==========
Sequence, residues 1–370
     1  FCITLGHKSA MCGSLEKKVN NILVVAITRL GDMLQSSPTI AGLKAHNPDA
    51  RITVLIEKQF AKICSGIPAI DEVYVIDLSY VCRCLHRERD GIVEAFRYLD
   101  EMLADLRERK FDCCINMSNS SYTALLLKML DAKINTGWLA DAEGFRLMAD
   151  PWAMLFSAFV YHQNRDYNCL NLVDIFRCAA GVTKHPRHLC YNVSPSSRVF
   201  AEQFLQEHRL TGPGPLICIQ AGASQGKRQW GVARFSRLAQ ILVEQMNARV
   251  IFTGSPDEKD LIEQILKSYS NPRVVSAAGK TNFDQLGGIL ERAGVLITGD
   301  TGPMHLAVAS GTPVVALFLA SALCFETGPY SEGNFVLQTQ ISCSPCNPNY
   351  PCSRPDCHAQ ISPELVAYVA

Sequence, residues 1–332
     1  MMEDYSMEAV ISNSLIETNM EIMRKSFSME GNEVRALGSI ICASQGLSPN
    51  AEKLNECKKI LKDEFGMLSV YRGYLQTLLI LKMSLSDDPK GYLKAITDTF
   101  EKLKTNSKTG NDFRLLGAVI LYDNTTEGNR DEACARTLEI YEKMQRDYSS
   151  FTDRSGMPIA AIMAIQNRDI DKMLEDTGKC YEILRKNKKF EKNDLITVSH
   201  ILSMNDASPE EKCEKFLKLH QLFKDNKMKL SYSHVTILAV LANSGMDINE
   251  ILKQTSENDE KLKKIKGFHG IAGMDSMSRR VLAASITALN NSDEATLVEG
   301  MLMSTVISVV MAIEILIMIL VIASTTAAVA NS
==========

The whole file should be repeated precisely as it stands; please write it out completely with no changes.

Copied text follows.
Sequence, residues 1–370
     1  FCITLGHKSA MCGSLEKKVN NILVVAITRL GDMLQSSPTI AGLKAHNPDA
    51  RITVLIEKQF AKICSGIPAI DEVYVIDLSY VCRCLHRERD GIVEAFRYLD
   101  EMLADLRERK FDCCINMSNS SYTALLLKML DAKINTGWLA DAEGFRLMAD
   151  PWAMLFSAFV YHQNRDYNCL NLVDIFRCAA GVTKHPRHLC YNVSPSSRVF
   201  AEQFLQEHRL TGPGPLICIQ AGASQGKRQW GVARFSRLAQ ILVEQMNARV
   251  IFTGSPDEKD LIEQILKSYS NPRVVSAAGK TNFDQLGGIL ERAGVLITGD
   301  TGPMHLAVAS GTPVVALFLA SALCFETGPY SEGNFVLQTQ ISCSPCNPNY
   351  PCSRPDCHAQ ISPELVAYVA

Sequence, residues 1–332
     1  MMEDYSMEAV ISNSLIETNM EIMRKSFSME GNEVRALGSI ICASQGLSPN
    51  AEKLNECKKI LKDEFGMLSV YRGYLQTLLI LKMSLSDDPK GYLKAITDTF
   101  EKLKTNSKTG NDFRLLGAVI LYDNTTEGNR DEACARTLEI YEKMQRDYSS
   151  FTDRSGMPIA AIMAIQNRDI DKMLEDTGKC YEILRKNKKF EKNDLITVSH
   201  ILSMNDASPE EKCEKFLKLH QLFKDNKMKL SYSHVTILAV LANSGMDINE
   251  ILKQTSENDE KLKKIKGFHG IAGMDSMSRR VLAASITALN NSDEATLVEG
   301  MLMSTVISVV MAIEILIMIL VIASTTAAVA NS